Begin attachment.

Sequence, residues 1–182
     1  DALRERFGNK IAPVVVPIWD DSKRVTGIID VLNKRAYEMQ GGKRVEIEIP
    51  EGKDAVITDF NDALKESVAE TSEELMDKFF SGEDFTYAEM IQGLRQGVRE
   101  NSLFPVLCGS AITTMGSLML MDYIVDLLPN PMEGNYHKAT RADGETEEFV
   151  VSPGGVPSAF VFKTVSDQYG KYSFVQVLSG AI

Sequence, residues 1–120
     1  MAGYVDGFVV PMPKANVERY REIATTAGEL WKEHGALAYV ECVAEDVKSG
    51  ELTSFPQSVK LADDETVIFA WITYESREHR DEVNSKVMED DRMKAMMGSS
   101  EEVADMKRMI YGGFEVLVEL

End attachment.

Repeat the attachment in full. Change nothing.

Sequence, residues 1–182
     1  DALRERFGNK IAPVVVPIWD DSKRVTGIID VLNKRAYEMQ GGKRVEIEIP
    51  EGKDAVITDF NDALKESVAE TSEELMDKFF SGEDFTYAEM IQGLRQGVRE
   101  NSLFPVLCGS AITTMGSLML MDYIVDLLPN PMEGNYHKAT RADGETEEFV
   151  VSPGGVPSAF VFKTVSDQYG KYSFVQVLSG AI

Sequence, residues 1–120
     1  MAGYVDGFVV PMPKANVERY REIATTAGEL WKEHGALAYV ECVAEDVKSG
    51  ELTSFPQSVK LADDETVIFA WITYESREHR DEVNSKVMED DRMKAMMGSS
   101  EEVADMKRMI YGGFEVLVEL